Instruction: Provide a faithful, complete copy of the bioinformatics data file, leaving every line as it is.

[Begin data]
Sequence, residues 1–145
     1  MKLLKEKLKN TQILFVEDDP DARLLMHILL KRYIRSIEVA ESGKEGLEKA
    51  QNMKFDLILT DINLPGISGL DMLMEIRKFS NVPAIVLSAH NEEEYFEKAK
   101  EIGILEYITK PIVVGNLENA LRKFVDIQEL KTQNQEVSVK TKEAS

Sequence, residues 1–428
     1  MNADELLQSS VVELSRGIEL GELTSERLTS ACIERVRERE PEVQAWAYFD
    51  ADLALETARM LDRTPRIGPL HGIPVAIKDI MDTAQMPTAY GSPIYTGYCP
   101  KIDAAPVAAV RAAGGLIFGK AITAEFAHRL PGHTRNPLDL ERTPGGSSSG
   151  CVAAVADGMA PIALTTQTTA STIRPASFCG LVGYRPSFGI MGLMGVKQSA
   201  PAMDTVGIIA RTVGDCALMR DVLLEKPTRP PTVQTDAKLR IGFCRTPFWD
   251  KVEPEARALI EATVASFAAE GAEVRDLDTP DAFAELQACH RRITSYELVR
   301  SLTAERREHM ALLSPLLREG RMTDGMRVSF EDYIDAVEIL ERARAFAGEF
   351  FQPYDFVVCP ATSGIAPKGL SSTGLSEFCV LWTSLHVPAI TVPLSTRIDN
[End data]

Sequence, residues 1–145
     1  MKLLKEKLKN TQILFVEDDP DARLLMHILL KRYIRSIEVA ESGKEGLEKA
    51  QNMKFDLILT DINLPGISGL DMLMEIRKFS NVPAIVLSAH NEEEYFEKAK
   101  EIGILEYITK PIVVGNLENA LRKFVDIQEL KTQNQEVSVK TKEAS

Sequence, residues 1–428
     1  MNADELLQSS VVELSRGIEL GELTSERLTS ACIERVRERE PEVQAWAYFD
    51  ADLALETARM LDRTPRIGPL HGIPVAIKDI MDTAQMPTAY GSPIYTGYCP
   101  KIDAAPVAAV RAAGGLIFGK AITAEFAHRL PGHTRNPLDL ERTPGGSSSG
   151  CVAAVADGMA PIALTTQTTA STIRPASFCG LVGYRPSFGI MGLMGVKQSA
   201  PAMDTVGIIA RTVGDCALMR DVLLEKPTRP PTVQTDAKLR IGFCRTPFWD
   251  KVEPEARALI EATVASFAAE GAEVRDLDTP DAFAELQACH RRITSYELVR
   301  SLTAERREHM ALLSPLLREG RMTDGMRVSF EDYIDAVEIL ERARAFAGEF
   351  FQPYDFVVCP ATSGIAPKGL SSTGLSEFCV LWTSLHVPAI TVPLSTRIDN